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While Cape Town is alleged to have more congestion during peak hours, which results is slightly longer delays per hour of travel time in traffic, the TomTom report fails to mention that commutes and distances typically travelled are considerably shorter in Cape Town for most journeys than they are in Johannesburg. In the megapolis Johannesburg, distances of 30 km and more are regarded as a norm, while in Cape Town locals consider a distance of more than 20 km an above average commute – despite the fact that the city is growing steadily. By failing to compare the footprint of the two cities and not evaluating average distances travelled in traffic, the report ended up ranking Cape Town and Johannesburg in the same neighbourhood as London, which compares rather amicably with its 37 minutes of additional delay per hour during peak time traffic compared to Cape Town’s 38 minutes and Johannesburg’s 34 minutes respectively. But other than falling victim to statistical fallicies the British capital actually managed to perform well in the report, avoiding the global Top Ten of congestion, which features four cities in the Americas and six European cities, with Moscow taking #1 and Istanbul #2 on the list. In encouraging news, none of South Africa’s metropolitan areas managed to make it into the Top 30 of the most congested cities in the world, with the new numbers ranking Cape Town as #33 and Johannesburg as #48 among the world’s most congested cities. With successful steps taken towards improved urban planning and both cities rolling out enhanced public transportation schemes on an ongoing basis, there’s hope that these numbers might just be kept at bay in the future. | 17 - 24 June 2014 |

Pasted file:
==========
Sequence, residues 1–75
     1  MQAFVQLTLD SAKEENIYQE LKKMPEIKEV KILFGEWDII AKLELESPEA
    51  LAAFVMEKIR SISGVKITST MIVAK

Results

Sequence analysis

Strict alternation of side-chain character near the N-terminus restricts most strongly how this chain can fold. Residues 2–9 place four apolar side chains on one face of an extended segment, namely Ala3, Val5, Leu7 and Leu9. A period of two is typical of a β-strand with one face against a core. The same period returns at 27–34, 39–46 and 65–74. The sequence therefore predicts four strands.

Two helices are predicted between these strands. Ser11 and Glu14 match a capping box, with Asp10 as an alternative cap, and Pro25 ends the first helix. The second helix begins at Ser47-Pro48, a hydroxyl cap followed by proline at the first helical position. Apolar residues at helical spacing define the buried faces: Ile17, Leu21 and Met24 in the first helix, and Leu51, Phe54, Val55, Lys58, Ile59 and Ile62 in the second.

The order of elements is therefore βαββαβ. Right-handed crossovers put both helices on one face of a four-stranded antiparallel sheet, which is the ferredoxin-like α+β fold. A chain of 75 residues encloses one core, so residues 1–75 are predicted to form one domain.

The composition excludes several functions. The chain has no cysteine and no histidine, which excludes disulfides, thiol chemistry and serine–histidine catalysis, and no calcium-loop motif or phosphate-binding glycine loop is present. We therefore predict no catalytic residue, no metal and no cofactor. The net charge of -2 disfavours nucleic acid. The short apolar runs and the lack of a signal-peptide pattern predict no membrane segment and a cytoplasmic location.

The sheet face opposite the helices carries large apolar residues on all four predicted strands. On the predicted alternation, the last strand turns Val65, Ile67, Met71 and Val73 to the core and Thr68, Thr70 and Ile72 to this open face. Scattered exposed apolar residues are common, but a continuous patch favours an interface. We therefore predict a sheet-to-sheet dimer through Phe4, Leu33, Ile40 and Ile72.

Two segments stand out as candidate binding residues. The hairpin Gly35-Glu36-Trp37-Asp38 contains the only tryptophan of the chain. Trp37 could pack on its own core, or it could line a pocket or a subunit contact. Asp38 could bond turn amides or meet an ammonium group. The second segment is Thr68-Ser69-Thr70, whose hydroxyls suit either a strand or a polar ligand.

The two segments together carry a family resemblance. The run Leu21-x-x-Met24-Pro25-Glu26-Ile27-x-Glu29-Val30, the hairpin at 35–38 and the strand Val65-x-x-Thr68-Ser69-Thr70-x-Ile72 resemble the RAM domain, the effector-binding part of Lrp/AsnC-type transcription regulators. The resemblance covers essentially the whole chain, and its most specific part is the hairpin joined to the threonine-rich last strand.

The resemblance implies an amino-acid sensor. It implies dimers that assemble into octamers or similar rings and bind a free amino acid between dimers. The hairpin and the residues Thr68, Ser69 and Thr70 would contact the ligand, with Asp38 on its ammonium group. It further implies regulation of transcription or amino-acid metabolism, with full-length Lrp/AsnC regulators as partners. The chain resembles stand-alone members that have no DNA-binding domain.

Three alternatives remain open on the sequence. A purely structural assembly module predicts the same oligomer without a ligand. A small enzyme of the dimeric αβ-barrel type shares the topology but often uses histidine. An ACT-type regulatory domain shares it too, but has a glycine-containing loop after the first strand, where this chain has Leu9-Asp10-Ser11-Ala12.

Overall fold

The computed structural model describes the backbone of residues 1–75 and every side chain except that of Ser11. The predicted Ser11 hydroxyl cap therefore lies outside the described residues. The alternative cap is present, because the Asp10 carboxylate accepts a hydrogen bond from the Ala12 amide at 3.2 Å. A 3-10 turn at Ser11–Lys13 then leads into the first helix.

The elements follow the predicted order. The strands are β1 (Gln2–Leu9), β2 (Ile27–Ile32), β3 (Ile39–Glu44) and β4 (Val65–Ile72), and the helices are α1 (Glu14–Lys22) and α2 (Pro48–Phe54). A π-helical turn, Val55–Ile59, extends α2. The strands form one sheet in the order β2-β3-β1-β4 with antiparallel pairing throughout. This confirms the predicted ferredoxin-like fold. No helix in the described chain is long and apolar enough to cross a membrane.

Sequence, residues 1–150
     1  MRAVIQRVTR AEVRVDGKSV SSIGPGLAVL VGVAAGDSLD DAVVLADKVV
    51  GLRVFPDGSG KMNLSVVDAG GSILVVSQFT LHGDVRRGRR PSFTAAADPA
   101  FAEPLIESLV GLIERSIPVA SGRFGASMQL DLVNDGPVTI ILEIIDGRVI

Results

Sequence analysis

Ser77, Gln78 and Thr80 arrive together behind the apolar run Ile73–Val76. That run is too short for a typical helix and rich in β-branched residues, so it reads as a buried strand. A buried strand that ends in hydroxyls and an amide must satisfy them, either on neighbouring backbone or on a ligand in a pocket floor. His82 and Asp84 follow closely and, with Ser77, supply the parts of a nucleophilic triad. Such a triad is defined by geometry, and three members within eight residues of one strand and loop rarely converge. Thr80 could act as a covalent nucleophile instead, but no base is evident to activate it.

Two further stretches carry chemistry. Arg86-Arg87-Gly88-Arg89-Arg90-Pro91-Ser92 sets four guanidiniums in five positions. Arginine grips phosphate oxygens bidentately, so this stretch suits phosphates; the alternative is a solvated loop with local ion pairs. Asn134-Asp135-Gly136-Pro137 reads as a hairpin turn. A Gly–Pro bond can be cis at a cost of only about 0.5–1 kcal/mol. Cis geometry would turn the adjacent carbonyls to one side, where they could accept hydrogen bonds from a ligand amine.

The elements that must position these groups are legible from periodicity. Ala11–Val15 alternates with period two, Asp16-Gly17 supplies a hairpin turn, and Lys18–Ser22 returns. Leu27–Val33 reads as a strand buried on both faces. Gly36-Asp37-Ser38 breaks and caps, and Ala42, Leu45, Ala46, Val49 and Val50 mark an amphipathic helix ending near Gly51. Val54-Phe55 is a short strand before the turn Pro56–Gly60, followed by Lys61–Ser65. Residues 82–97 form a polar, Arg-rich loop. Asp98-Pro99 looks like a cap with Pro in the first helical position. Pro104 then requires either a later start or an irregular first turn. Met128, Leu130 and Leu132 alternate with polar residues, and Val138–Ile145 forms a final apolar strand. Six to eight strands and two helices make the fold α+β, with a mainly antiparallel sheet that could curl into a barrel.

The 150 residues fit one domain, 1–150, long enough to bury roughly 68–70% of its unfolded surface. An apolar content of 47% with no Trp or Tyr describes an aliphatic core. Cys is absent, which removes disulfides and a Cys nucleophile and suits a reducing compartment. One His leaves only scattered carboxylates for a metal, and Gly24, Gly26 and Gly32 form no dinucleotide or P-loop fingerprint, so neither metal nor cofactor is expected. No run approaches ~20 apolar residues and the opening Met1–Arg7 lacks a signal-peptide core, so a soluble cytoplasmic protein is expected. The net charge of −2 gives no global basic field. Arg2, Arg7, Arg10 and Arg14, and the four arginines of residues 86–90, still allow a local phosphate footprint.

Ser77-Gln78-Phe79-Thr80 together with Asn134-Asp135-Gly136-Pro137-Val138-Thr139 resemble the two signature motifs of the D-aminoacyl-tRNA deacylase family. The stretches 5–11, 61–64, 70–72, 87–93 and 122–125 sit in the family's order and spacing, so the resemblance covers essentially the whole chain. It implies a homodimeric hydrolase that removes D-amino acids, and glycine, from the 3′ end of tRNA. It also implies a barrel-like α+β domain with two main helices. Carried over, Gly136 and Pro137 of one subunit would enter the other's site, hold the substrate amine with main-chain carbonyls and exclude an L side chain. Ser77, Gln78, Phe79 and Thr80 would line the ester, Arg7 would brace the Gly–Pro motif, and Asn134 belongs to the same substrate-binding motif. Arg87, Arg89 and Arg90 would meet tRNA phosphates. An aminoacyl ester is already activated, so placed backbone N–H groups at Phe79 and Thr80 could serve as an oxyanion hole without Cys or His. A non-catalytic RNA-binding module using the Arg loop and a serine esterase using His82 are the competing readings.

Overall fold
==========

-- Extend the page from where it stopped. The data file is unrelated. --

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Is SA heading towards recession? | While some key indicators point decidedly towards negative economic trends, the government insists that SA’s finances are stable for the time being. The question behind all these discrepancies, however, is which came first: chicken or nest-egg?